We wish we were kidding: "The intensity of the touch controls the size of the emojis."
We're pretty used to swiping, tapping, and typing on touch screens and touchpads — but what if we swapped them out something more biological?
A team of researchers from France and the United Kingdom have developed a human-inspired artificial skin called "Project Skin-On" that claims to be able to "augment" interactive devices, including smartphones and wearables. They've wrapped the epidermis, which you can pinch and prod, around a smartphone, a laptop touchpad, and a smartwatch.
The skin not only looks and feels real, but it can detect a variety of gestures allowing electronic devices to "feel" the user's touch, distinguishing a tickle from a pet and so on.
"The idea is perhaps a bit surprising, but skin is an interface we are highly familiar with so why not use it and its richness with the devices we use every day?" lead supervisor Anne Roudaut, from the University of Bristol, said in a statement.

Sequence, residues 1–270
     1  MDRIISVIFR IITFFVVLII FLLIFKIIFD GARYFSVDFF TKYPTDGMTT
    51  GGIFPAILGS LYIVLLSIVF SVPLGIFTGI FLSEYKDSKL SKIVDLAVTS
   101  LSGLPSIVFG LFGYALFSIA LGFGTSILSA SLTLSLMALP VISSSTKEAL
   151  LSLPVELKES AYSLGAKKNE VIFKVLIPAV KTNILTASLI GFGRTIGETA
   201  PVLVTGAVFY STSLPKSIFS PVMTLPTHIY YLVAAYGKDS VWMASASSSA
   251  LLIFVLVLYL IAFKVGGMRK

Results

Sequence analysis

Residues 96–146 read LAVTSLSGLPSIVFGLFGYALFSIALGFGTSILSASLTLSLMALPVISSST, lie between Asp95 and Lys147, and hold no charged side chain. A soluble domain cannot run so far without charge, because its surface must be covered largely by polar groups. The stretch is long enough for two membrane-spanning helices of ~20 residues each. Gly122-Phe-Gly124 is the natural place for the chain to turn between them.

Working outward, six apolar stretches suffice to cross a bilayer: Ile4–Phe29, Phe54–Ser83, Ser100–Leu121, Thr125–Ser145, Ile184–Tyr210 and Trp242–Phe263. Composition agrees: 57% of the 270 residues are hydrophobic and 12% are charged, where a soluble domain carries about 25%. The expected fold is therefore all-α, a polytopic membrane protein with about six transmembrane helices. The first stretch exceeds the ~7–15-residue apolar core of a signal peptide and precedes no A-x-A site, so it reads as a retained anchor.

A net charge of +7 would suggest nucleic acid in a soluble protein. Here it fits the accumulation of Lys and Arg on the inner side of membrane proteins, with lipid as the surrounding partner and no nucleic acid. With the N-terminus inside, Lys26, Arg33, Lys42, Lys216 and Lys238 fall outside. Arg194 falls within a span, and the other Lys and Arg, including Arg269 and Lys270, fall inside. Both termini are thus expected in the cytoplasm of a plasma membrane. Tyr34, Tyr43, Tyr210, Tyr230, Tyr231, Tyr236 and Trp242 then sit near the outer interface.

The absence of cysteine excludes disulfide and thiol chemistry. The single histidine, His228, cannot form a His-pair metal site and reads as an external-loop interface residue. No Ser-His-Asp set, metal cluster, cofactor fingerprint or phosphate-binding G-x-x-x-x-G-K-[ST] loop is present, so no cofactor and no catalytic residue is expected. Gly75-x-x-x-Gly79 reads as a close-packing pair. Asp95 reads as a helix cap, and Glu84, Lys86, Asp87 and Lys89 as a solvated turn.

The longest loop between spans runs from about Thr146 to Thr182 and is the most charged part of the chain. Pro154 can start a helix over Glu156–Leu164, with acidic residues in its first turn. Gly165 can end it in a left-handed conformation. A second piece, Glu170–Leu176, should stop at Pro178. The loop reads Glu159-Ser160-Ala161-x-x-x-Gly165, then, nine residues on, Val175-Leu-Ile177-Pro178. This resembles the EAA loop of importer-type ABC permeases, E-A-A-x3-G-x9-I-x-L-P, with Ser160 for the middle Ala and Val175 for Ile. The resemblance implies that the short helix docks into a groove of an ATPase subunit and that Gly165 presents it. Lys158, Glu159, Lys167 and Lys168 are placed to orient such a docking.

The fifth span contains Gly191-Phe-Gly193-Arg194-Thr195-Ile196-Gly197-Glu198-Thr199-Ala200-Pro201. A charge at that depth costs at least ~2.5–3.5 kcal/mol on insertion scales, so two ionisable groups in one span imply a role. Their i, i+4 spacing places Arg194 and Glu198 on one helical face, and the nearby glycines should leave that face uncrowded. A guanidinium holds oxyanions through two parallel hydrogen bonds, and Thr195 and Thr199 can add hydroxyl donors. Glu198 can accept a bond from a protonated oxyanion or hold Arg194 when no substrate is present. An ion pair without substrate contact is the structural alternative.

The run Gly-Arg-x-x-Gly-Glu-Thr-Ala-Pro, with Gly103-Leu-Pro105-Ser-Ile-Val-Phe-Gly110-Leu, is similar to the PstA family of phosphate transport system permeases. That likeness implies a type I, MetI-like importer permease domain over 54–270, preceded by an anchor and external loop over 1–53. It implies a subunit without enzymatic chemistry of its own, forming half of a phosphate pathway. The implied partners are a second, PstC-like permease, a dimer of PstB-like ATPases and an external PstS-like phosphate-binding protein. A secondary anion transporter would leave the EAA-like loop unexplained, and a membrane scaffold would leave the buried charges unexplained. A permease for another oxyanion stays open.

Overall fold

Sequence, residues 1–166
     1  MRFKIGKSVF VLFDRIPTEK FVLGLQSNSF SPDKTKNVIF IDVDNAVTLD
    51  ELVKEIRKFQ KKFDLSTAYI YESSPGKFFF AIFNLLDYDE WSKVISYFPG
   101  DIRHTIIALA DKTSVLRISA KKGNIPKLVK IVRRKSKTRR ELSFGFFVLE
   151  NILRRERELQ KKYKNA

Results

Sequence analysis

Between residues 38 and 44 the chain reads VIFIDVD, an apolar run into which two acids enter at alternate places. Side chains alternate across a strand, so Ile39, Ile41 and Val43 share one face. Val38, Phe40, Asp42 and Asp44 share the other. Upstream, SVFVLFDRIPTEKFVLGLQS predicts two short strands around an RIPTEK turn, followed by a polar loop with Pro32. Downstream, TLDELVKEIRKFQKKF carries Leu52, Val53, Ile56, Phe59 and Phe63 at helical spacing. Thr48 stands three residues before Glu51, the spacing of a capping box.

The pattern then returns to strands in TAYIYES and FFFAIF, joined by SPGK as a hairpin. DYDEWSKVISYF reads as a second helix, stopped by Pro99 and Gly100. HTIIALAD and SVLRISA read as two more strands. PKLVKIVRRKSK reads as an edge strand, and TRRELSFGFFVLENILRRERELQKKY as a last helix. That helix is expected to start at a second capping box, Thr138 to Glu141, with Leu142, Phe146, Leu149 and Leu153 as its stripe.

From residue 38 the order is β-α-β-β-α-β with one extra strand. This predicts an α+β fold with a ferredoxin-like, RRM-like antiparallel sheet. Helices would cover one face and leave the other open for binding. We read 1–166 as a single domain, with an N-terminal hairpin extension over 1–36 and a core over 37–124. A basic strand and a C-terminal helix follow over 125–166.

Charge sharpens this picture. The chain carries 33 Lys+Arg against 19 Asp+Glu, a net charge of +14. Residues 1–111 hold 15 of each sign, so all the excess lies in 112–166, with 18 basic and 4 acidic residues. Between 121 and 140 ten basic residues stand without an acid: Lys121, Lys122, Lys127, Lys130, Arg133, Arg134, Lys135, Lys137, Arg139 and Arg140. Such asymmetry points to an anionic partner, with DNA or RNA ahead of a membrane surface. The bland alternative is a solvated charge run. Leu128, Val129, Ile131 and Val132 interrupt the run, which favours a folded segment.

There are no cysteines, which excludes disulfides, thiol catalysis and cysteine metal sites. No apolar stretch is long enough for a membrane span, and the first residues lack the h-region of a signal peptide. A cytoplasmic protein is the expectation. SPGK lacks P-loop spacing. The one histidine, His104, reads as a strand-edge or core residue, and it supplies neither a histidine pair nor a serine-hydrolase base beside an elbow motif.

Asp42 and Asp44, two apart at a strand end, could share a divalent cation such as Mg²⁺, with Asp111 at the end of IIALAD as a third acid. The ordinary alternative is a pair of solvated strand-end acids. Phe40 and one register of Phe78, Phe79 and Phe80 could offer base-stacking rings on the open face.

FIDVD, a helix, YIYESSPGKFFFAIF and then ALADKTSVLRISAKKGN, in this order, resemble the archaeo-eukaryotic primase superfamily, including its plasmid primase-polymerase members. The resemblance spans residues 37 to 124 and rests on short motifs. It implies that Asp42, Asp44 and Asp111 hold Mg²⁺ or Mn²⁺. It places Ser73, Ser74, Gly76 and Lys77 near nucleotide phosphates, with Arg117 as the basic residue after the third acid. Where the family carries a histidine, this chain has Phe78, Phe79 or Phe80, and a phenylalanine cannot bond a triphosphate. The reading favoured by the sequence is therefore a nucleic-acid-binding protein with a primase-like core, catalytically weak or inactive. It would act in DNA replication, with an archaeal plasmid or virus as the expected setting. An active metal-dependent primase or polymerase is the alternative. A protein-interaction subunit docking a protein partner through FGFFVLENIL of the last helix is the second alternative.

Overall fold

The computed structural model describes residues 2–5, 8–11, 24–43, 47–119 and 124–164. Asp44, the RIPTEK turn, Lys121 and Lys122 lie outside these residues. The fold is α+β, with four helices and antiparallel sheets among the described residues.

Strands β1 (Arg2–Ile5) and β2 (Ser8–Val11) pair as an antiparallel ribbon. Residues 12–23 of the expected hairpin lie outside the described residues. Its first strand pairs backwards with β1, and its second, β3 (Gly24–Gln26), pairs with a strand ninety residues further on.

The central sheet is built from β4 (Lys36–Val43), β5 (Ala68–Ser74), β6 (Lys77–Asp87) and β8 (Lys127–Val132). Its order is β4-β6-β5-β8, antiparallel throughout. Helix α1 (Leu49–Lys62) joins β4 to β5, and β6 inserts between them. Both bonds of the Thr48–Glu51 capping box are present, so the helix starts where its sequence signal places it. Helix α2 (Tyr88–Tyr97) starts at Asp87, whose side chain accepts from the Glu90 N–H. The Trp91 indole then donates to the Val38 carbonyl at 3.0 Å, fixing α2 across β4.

Furthermore, the skin could be used to convey the emotional resonance of the human touch without the limits of a keyboard and mouse.
"We implemented a messaging application where users can express rich tactile emotions on the artificial skin," said Marc Teyssier, lead author of the paper, which has yet to be published.
"The intensity of the touch controls the size of the emojis," Teyssier added. "A strong grip conveys anger while tickling the skin displays a laughing emoji and tapping creates a surprised emoji."
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More on artificial skin: Artificial “Electronic Skin” Could Warn Humans of Impending Danger